Andy McDonald has called on the government to legislate after a Supreme Court ruling found against the “bogus claim” that its drivers are not employees in a case he described as a “landmark victory for working people”.
Addressing parliament today after tabling an urgent question, the Shadow Employment Rights’ Secretary warned that the company is attempting to “dodge” the court ruling by interpreting it as only affecting a small number of its drivers.
He argued that if Uber ignores the decision, thousands of low-paid workers will be forced to “spend time and money they can ill afford to litigate to recover withheld wages in cases they will most likely win but will take years to conclude”.
“The government shouldn’t abandon working people to fight for their rights in the courts,” he added. “So, will the minister take the opportunity to make clear the ruling applies to all Uber drivers and that the company cannot continue to cheat its workers out of their basic rights?”
The Shadow Employment Rights’ Secretary also made a wider call for the government minister to commit now to bringin forward new legislation to “end bogus self-employment and provide security to all gig-economy workers”.
As workers categorised as self-employed, Uber drivers are unable to claim entitlements afforded to those with employee status, including sick pay, the minimum wage and holiday pay.
Minister Paul Scully said in response that, in terms of clarifying employment status and rights the government is “committed to continue to look at workers and workers’ rights” but refused to back the Uber drivers in the case.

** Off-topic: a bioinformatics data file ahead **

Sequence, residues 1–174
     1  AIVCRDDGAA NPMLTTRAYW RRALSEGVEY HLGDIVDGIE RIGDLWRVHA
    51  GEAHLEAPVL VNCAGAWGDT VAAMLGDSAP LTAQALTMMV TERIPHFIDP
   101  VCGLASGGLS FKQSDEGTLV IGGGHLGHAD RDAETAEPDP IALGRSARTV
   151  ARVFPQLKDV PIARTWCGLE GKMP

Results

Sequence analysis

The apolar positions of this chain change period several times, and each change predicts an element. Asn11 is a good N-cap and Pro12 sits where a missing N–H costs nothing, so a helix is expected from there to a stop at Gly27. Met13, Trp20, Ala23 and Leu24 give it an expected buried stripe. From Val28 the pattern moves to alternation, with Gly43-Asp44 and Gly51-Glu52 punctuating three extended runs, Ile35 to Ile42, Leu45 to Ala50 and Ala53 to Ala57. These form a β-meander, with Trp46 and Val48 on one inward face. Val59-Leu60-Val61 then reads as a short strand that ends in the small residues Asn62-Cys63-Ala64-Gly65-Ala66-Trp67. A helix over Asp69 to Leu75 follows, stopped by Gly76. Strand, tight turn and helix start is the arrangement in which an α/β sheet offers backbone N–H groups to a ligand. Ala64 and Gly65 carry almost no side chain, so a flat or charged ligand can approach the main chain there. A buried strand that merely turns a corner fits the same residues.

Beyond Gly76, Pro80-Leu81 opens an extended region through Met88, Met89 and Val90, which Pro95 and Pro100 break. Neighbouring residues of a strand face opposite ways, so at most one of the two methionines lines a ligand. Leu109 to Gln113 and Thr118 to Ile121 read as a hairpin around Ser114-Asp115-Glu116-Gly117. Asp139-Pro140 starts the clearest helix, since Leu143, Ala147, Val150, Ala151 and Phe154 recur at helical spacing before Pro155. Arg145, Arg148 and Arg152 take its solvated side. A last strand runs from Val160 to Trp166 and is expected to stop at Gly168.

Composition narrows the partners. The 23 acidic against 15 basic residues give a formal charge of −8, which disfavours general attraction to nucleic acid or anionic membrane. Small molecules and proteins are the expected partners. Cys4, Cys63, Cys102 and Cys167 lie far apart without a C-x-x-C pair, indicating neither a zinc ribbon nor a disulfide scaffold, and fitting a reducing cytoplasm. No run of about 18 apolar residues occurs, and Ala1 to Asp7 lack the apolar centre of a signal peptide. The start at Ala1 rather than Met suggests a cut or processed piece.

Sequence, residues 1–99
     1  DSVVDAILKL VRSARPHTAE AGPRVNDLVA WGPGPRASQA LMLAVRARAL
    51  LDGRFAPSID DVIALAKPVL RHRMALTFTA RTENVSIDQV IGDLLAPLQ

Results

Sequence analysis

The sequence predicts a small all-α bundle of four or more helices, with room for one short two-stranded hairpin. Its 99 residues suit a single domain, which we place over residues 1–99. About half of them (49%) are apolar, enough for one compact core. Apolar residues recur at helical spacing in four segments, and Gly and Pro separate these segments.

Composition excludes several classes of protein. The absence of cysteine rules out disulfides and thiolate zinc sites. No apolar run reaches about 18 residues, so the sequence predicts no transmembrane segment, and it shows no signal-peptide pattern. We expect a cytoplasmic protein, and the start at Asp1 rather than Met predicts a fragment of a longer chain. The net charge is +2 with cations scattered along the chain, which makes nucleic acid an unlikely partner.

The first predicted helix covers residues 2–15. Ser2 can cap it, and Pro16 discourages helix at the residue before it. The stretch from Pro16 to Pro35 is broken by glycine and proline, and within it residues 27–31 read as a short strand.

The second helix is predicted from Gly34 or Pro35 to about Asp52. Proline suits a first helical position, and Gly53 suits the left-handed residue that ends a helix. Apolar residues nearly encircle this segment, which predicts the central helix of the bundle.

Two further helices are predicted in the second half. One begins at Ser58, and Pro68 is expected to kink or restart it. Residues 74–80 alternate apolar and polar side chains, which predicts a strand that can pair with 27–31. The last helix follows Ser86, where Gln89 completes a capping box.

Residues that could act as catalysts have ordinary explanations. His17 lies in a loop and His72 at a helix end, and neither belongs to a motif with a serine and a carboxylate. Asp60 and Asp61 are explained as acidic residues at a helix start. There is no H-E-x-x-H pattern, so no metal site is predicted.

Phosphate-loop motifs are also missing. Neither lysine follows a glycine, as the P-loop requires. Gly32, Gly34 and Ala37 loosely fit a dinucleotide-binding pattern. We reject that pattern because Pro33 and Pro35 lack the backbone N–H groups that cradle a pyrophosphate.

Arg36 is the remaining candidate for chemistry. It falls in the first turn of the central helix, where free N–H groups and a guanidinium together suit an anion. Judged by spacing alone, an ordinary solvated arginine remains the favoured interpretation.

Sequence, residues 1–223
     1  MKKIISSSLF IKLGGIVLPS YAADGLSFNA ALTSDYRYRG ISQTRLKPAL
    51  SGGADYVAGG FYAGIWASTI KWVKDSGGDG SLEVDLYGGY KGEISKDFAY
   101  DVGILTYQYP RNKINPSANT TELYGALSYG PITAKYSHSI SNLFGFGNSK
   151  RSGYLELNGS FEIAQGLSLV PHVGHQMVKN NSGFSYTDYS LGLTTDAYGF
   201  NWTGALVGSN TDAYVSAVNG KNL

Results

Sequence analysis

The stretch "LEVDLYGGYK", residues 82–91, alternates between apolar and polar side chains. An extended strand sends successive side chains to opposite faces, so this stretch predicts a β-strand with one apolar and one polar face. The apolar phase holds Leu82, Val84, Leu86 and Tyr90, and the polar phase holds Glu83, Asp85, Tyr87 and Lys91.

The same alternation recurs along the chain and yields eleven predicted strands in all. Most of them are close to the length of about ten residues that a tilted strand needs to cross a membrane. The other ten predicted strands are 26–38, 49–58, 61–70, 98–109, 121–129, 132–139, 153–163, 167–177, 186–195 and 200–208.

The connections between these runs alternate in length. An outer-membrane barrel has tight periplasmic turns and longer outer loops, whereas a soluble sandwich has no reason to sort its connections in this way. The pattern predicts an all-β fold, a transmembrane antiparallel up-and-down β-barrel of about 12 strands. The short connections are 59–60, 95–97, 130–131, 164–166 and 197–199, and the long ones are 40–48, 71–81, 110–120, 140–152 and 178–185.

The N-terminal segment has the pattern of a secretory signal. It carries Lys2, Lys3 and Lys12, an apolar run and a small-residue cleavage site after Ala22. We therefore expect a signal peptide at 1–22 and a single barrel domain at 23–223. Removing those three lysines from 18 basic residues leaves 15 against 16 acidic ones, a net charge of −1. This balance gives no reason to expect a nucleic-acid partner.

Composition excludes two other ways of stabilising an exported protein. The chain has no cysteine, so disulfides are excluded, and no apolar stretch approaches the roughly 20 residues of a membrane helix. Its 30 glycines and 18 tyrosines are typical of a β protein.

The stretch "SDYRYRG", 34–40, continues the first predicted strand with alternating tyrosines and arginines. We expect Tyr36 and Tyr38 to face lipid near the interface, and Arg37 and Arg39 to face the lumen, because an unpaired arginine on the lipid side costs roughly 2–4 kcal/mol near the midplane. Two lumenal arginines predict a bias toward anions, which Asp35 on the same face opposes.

“If there is a dispute between the individual and employers, as seen in the recent case involving Uber, the courts consider each case on an individual basis,” he said. “The courts are independent and the government does not intervene.”
In response to the judgement, Uber’s general manager for northern and Eastern Europe told drivers that a “small number of drivers from 2016 can be classified as workers, but this judgment does not apply to drivers who earn on the app today”.
Litigating for rights to which employees are entitled can take years. The company’s claim over the extent of the application of the decision means that around 40,000 drivers would likely need to go to employment tribunals.
Leigh Day lawyer Nigel McKay argued “there is no way they can say ‘this doesn’t apply’ with confidence”. The firm believes that Uber drivers are due approximately £12,000 in compensation each, which would cost the company more than £26m.
Lead claimants in the Uber case have called on London mayor Sadiq Khan in an open letter to insist that Uber comply with the Supreme Court ruling as a condition of its continued Transport for London license to operate in the capital.
The urgent question from McDonald was the second of two tabled by Labour today. Rachel Reeves used one earlier this afternoon to challenge the government over public procurement after a court ruled Matt Hancock had acted unlawfully.